There are more than 150 different Bible translations in the English language alone. Some are what we call literal translations, which seeks to give the reader the exact English equivalent of what was written in the original language text, thus allowing the reader access to the actual Word of God. Then, there are dynamic equivalents, where the translator determines what the author meant by the original language text, and this is what they give the reader. There is also a paraphrase translation, which is an extremely interpretive translation. Exactly what are these differences? Are some translations better than others? What standards and principles can we use to determine what makes a good translation? Andrews introduces the readers to the central issues in this debate and presents several reasons why essentially literal translations are superior to dynamic equivalent and paraphrase translations.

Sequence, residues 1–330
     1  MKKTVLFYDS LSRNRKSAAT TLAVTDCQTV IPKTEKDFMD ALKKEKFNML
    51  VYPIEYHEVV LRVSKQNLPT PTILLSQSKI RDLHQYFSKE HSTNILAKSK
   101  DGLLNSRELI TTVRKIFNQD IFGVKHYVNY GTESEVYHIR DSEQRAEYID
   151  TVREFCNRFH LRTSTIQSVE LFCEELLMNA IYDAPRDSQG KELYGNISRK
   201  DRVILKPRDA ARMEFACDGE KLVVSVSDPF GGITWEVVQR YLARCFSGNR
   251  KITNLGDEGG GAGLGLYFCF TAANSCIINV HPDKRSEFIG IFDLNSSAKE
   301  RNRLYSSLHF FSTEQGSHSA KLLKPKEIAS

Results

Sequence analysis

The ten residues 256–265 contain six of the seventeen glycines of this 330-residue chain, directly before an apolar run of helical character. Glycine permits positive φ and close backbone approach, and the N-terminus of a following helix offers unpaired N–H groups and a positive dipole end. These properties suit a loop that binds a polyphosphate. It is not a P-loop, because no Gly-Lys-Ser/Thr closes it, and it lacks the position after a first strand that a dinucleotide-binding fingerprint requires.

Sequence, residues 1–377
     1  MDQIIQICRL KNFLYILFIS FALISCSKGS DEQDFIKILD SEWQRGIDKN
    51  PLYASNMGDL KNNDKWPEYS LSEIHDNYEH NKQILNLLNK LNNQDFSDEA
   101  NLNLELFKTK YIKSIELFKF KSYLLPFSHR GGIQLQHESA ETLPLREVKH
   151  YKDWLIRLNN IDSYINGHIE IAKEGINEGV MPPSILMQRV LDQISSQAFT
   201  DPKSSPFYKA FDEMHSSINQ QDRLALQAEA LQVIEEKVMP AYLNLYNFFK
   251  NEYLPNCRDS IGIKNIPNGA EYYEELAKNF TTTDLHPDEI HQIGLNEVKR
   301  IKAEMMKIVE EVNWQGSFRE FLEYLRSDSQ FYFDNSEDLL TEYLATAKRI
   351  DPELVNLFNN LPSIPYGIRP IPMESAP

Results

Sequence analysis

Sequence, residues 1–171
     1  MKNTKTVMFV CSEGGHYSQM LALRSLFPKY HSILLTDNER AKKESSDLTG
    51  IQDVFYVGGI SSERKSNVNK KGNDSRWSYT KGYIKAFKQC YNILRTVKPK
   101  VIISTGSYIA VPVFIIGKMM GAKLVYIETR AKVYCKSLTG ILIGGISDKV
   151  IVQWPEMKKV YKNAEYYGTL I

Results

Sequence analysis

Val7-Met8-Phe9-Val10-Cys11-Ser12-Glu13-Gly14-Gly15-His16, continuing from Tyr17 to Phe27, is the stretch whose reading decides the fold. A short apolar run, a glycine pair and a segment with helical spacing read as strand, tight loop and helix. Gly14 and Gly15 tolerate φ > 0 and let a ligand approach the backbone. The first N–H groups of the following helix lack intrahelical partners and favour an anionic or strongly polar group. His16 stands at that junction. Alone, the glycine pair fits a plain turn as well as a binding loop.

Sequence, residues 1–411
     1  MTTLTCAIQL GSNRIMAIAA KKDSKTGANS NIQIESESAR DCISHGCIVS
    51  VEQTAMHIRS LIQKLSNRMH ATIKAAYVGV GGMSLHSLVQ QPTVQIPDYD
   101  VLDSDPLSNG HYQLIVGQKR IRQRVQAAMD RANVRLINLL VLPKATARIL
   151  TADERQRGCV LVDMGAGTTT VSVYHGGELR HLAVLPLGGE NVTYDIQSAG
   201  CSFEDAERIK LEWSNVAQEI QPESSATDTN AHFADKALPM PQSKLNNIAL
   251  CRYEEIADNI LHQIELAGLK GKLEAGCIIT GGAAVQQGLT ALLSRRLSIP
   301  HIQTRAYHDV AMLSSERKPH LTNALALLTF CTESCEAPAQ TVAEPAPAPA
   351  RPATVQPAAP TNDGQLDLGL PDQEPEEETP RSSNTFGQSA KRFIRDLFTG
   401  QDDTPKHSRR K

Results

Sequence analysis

We do not need to be a Bible scholar to understand these issues, as well as the importance having the most accurate and faithful translation that is reflective of the original text. The meaning of a word is the responsibility of the interpreter (i.e., reader), not the translator. The primary purpose of a translator is to give the Bible readers what God said by way of his human authors, not what a translator thinks God meant in its place. Andrews confronts this issue and makes the subject very easy to understand in this short, logical, and straightforward book, which gives the churchgoer a valuable tool for selecting their Bible translation.